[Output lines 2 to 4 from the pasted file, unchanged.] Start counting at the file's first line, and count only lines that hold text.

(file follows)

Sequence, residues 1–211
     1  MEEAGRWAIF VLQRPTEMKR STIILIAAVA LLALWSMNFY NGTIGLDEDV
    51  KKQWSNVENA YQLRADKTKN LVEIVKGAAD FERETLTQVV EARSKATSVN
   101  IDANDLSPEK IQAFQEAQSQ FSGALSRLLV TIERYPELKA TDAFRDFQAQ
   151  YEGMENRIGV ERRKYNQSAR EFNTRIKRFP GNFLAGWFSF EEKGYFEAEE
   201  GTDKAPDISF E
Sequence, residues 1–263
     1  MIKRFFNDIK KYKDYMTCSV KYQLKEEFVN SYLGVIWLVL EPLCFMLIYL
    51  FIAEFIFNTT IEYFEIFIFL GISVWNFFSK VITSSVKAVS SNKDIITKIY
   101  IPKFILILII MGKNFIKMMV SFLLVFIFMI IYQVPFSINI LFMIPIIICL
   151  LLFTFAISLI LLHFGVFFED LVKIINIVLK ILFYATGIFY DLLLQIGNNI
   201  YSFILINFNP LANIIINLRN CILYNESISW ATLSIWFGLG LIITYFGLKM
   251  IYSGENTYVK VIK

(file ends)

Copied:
     1  MEEAGRWAIF VLQRPTEMKR STIILIAAVA LLALWSMNFY NGTIGLDEDV
    51  KKQWSNVENA YQLRADKTKN LVEIVKGAAD FERETLTQVV EARSKATSVN
   101  IDANDLSPEK IQAFQEAQSQ FSGALSRLLV TIERYPELKA TDAFRDFQAQ